Grants Available to Fund Student Projects

King Creativity Fund is one of the many avenues that students can get money for projects.From individuals to organizations to entire academic departments, Southwestern University runs on an immense money exchange, both internally and externally, though the majority of students on campus are left in the dark (and economic hole). Many of the academic departments on campus are making use of grants to supplement their dwindling budgets due to the shrinking endowment this last year. Over $1.2 million was awarded to the Environmental Studies program this semester through an assimilation of funds from the Kendra Foundation, the Associated Colleges of the South and the ever-present Mellon Foundation, according to Laura Hobgood-Oster, Paden Brown Chair in Religion and Environmental Studies.

“[This] amount will really assist us in solidifying and enhancing the Environmental Studies program and environmental activism on campus,” she said.

These funds are currently being used for the postdoctoral faculty member, Jinelle Sperry, to teach courses in environmental studies, and will in the future be used to employ a full-time faculty for the department as well as developing a program to provide financial support for students studying abroad with this focus. Hobgood-Oster said those environmentally impassioned continue to keep an eye on this money. “Soon we will be putting together a call for proposals for student-driven activist projects on campus.”

For those less environmentally inclined but still desperate for funding, the pocketbooks open to organizations include Community Chest, the McMichael Student Experience Enrichment Fund and Emergency Funding. All organizations must go through the Student Fees and Allocations Committee, as posted in the SU Organization Handbook. Community Chest is one of the least-tapped sources of funding on campus and unfortunately so as it is stated in the handbook to be “available to any University ‘budgeting-unit’ that sponsors events geared at improving the quality of social life and interaction on campus.” Funds appropriated are generally over $1,000. The McMichael Fund is a more widely accessed source of funding, intending to “enrich student life as a whole” through fostering co-curricular or extracurricular experiences. Emergency Funding is allocated by Student Congress and is mainly reserved for existing organizations that have run over their budgets or new organizations on campus that need start-up funds, according to Brian Tidwell, current Student Congress Treasurer.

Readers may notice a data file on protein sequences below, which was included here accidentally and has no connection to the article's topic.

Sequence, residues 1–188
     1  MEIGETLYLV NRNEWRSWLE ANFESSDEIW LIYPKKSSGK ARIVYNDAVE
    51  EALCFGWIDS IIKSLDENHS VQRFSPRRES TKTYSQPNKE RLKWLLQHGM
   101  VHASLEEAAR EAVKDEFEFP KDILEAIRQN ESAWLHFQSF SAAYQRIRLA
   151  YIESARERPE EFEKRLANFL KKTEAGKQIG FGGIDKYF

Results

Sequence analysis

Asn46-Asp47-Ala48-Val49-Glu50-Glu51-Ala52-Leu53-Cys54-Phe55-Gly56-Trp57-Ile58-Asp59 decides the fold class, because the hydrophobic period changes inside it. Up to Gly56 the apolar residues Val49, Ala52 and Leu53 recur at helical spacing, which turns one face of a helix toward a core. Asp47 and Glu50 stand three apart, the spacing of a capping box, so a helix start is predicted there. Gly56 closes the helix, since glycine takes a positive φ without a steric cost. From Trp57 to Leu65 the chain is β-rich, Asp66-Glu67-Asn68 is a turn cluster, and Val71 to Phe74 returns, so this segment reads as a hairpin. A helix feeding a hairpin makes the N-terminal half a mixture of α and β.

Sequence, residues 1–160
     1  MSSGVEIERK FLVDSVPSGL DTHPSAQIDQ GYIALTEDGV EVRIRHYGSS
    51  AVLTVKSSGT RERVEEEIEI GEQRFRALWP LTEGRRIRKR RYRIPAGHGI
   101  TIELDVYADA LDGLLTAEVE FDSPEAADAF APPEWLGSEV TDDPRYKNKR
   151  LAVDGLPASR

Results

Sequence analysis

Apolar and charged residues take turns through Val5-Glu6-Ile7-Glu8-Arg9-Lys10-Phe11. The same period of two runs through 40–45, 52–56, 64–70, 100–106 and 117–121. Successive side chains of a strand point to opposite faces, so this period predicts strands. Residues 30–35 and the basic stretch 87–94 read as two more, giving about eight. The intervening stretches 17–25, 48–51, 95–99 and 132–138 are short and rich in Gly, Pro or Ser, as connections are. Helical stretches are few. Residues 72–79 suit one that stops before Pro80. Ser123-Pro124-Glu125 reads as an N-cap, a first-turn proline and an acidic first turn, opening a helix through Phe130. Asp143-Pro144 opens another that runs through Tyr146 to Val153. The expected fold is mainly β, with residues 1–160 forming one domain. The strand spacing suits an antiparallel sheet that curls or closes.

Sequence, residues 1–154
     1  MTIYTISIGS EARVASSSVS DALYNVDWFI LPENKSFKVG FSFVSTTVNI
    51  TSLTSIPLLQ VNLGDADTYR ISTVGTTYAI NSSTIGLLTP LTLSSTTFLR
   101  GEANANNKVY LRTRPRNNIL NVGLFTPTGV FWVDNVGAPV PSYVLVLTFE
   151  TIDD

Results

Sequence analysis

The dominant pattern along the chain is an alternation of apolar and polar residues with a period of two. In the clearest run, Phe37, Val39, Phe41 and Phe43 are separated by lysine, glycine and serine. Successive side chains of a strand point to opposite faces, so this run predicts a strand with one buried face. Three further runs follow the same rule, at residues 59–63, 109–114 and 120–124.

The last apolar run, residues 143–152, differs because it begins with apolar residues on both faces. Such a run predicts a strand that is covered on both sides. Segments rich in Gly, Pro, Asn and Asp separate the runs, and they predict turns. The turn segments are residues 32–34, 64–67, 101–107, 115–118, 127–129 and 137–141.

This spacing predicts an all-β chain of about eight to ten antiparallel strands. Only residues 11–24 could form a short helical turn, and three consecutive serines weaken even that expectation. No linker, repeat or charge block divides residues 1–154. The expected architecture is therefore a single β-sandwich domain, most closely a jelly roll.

But what if you are simply an un-tethered budding academic seeking a little investment in your intellectual capital? Individuals on campus may seek funding from the McMichael fund as well, but often turn to individual departments or the King Creativity Fund to finance their bright, liberally-artistic ideas. Intended to stimulate out-of-the-box thinking, the King Creativity Fund awards usually nine to 11 individuals and small groups financing between $200 and $2,000, according to Christine Vasquez, who manages the fund. This money can be seen throughout campus as previous scholars have done a variety of things, including implementing the recycling program on campus (those blue bins had to come from somewhere), many of the independently done theater projects, SU Radio and a gamut of scientific experiments.

Remington Robertson, a current bidder for the fund, finds the process “straightforward and encouraging—though until I began to dig for funding, it was unclear how to access these funds and find financial support for my project.”

Andrew Dornon, also contending for the fund, is concerned with the competition and lack of alternative options should his bid not be rewarded. “With the rate of acceptance well under half, we’re looking at back-up plans. We’re also applying for the McMichael Fund and approaching our department directly, but we have a few alternative plans, just in case.”

This level of dedication to innovative, experimental and often expensive ideas is what drives the campus and sheds light on the continuous need for capital in the enrichment process of our liberal arts educations.

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